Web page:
Wednesday, October 3, 2012

A Farrago of Terms

People readily believe that others in their circle also know what they do. This arises, seems to me, because they’ve forgotten the price they paid for knowledge. Hence that damnable word palimpsest keeps surfacing in antiquarian discussions. It’s a mongrel of a word; I regard all words that contain a ps- beginning as such, a Greek favorite, as in psyche and the derived psychiatrist. The p is #@!& silent, so why print it. Coming to America and learning English, the Ogre was th. The absolutely simplest word in English was a bear to those who hadn’t just grown up with it. That damnable ps- belongs there with the the. Palimpsest comes apart, you see. Palim is “again” and psest is “rubbed,” deriving from psen, “to rub smooth.”  So what is it, finally? Well, a palimpsest is a piece of parchment bearing writing—but one from which the writing has been scraped off so that it can be used again—or it is the same parchment that has already been used again following a vigorous scraping. Why not just say “scraped parchment”? Well, you have to fit in. You have to stay on the reservation. You learned it as palimpsest—it was an achievement. A tiny little pride took root with that effort. The first independent use of that word gave you a little tremulous satisfaction. Therefore, never mind the ordinary ignorant reader out there. Learn it, dammit. I had to…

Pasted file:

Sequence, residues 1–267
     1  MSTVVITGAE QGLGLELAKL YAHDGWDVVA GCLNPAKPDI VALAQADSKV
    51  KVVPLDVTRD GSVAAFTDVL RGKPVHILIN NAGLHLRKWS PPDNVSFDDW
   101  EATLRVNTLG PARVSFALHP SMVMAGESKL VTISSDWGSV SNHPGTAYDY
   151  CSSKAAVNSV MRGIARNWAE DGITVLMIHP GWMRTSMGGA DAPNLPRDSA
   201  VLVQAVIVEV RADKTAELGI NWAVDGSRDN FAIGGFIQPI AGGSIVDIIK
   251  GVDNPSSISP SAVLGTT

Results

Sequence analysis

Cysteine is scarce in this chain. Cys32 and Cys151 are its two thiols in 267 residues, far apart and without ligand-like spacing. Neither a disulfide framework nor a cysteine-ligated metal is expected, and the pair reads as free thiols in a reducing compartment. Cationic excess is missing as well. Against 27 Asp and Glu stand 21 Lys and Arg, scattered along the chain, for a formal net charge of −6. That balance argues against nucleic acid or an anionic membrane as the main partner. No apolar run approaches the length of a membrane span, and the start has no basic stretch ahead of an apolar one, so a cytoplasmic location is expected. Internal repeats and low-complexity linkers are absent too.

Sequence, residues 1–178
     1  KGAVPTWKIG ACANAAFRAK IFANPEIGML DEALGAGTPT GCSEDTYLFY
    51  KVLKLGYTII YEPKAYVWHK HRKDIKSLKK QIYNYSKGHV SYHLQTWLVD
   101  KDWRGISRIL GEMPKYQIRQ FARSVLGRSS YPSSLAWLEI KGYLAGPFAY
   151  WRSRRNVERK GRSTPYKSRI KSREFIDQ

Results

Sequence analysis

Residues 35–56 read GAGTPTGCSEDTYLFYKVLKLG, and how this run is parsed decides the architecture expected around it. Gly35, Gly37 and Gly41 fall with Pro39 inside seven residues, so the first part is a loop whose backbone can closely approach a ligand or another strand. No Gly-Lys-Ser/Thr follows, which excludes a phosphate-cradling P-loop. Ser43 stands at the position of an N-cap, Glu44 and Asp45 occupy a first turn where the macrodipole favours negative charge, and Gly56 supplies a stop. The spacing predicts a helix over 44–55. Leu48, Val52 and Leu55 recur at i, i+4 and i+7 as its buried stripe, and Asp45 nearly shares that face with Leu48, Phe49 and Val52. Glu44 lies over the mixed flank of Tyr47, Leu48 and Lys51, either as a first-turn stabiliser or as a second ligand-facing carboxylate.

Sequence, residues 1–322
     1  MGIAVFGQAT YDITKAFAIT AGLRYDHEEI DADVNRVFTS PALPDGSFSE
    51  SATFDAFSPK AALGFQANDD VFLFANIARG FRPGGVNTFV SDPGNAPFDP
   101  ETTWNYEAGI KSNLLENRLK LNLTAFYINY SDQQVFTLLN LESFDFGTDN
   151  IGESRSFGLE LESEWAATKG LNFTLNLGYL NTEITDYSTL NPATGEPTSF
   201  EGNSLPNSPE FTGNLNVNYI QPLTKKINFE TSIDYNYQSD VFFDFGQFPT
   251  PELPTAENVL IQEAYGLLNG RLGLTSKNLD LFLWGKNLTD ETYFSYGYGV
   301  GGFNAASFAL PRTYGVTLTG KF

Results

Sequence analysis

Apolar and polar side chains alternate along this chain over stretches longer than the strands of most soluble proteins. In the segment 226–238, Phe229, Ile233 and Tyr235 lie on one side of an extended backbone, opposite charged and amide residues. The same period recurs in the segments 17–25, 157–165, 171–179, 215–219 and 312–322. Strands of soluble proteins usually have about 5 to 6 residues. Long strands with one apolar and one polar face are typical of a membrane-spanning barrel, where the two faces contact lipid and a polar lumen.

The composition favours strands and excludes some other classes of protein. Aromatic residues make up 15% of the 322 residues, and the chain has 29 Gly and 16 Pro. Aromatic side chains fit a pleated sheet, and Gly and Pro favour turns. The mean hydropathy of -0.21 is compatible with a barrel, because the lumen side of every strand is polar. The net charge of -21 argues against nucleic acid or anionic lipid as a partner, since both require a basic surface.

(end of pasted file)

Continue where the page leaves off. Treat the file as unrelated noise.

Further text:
Parchment is another great word—and has nothing to do with the state of being thirsty. But back when we wrote on the skin of unfortunate beasts, that skin had to be dried. Or so you would think, wouldn’t you? Wrong. The word comes from (1) the name of a city then called Pergamon,  these days called Bergama (in Asia Minor) which evidently introduced leather in competition with papyrus; or (2) the Parthian region of ancient Persian from which the Romans obtained parthica pellis (Parthian leather), and in the repeated use of that phrase they dropped the leather part—much as the drinkable port began as vinho do Porto, a product of Portugal. Sometimes we lose the beginning, sometimes the end.

So what is a farrago? It is a medley, a mixture. I came across it yesterday in a book written in the late 1920. Google’s Ngram facility, which tracks the frequency of word usage way back, shows that for some reason, probably untraceable, the word had a sudden lurch of popularity from 1890 through 1920 roughly; before and after that period, the word lived and lives in the same obscure communities which serve up the palimpsest. The word comes from a mixture of grains, the Latin far, and was coined by the Romans. Barley is a cognate of far. Cognate? It comes from “together” and “born.” Born together, placed in the same cradle, as it were, often meaning that the same word was pronounced differently by different populations. All was well until the dictionary-makers rose to power and started writing down the careless mumbling of the people just out there guiding the plows….

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